I think, unless I choose to judge you and/or others (I don't), the question must be rephrased:

    "...as a libertarian or anarchist, do you feel it incumbent upon yourself to refuse to accept orders for products you think (or suspect) might be used nefariously?..."

Because I'd be fearful that those "...holding (the seller) responsible..." would feed from the same nosebag of those placing the orders in question.

It opens up discussion of many highly sensitive issues we've engaged in on STR over the years: displaying and/or promoting religious faith, displaying and/or promoting atheism, accepting "social security" monthly payments and/or other government "benefits". Even driving on government highways and streets. We had one guy a few years ago who insisted one cannot be free and libertarian while in possession of a government-issued drivers license. This was the same guy who challenged me over my proclamation, "I do not have the right to walk barefoot in the woods" (I had been droning on about dealing with or avoiding police with the same caution that I use to avoid rattlesnakes). He convinced me that I DO have the right to walk barefoot in the woods. I think that might have been about the time I decided that it is more appropriate (for me) to use "choices" in lieu of "rights" to sidestep the appearance of servitudinalism (my new word).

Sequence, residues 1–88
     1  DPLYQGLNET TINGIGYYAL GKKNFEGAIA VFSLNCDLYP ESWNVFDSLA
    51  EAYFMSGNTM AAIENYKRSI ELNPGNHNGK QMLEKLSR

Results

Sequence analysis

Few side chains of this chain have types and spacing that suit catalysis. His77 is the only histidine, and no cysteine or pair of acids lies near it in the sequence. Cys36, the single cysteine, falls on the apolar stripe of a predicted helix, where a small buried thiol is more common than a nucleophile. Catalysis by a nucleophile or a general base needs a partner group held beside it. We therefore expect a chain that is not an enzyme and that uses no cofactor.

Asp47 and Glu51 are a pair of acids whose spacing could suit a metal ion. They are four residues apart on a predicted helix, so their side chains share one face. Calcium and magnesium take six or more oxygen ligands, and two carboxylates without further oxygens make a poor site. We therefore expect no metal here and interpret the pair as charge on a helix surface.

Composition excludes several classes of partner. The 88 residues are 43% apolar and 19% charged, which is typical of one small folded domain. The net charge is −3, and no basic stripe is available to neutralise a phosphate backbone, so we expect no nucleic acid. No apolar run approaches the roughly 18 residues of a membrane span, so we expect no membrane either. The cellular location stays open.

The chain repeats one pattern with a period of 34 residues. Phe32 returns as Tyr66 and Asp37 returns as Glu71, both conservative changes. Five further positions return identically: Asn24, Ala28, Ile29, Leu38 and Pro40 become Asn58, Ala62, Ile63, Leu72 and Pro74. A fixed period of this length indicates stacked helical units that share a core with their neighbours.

I choose to wear high boots to the woods to reduce the chance of snakebite. But I have the right not to do so.

The question not only addresses accepting government contracts and "benefits", but also spills over into other dilemmas: accepting orders for wedding cakes if I believe the customers are homosexual, or if I suspect the cake might promote and encourage behaviors in which I might not approve. And it could include the probity of selling alcohol and tobacco to children, which gets into ascertaining just when an individual ceases to be a child and enters adulthood. And "...do parents 'own' their children?..."

We've discussed many of these topics over the years without rancor. Debilitating rancor, I mean. Because many of the discussions get quite animated.

I'd enjoy seeing it happen again. Sam

Paul's picture

"I had not realized that the gun controls were in place before the Nazis took over; I'd thought they were instigated by Hitler."

One has to be pretty far from the gun culture to admit such ignorance - not to mention, not even realizing how devastating such an admission is. It is almost the central point of JPFO for example; how could anyone not know it?
http://jpfo.org/filegen-a-m/gateway.htm

Oh, well, I still think everyone should be armed, even such clueless individuals as Davies. Maybe he will venture into a gun store some day and buy himself a pellet gun.

Jim Davies's picture